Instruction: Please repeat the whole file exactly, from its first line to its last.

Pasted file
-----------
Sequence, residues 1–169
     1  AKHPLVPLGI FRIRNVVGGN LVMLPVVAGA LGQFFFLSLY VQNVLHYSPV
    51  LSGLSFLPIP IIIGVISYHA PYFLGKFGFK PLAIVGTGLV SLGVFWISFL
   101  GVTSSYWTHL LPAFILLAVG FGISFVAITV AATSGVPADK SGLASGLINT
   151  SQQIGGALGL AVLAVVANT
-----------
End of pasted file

Sequence, residues 1–169
     1  AKHPLVPLGI FRIRNVVGGN LVMLPVVAGA LGQFFFLSLY VQNVLHYSPV
    51  LSGLSFLPIP IIIGVISYHA PYFLGKFGFK PLAIVGTGLV SLGVFWISFL
   101  GVTSSYWTHL LPAFILLAVG FGISFVAITV AATSGVPADK SGLASGLINT
   151  SQQIGGALGL AVLAVVANT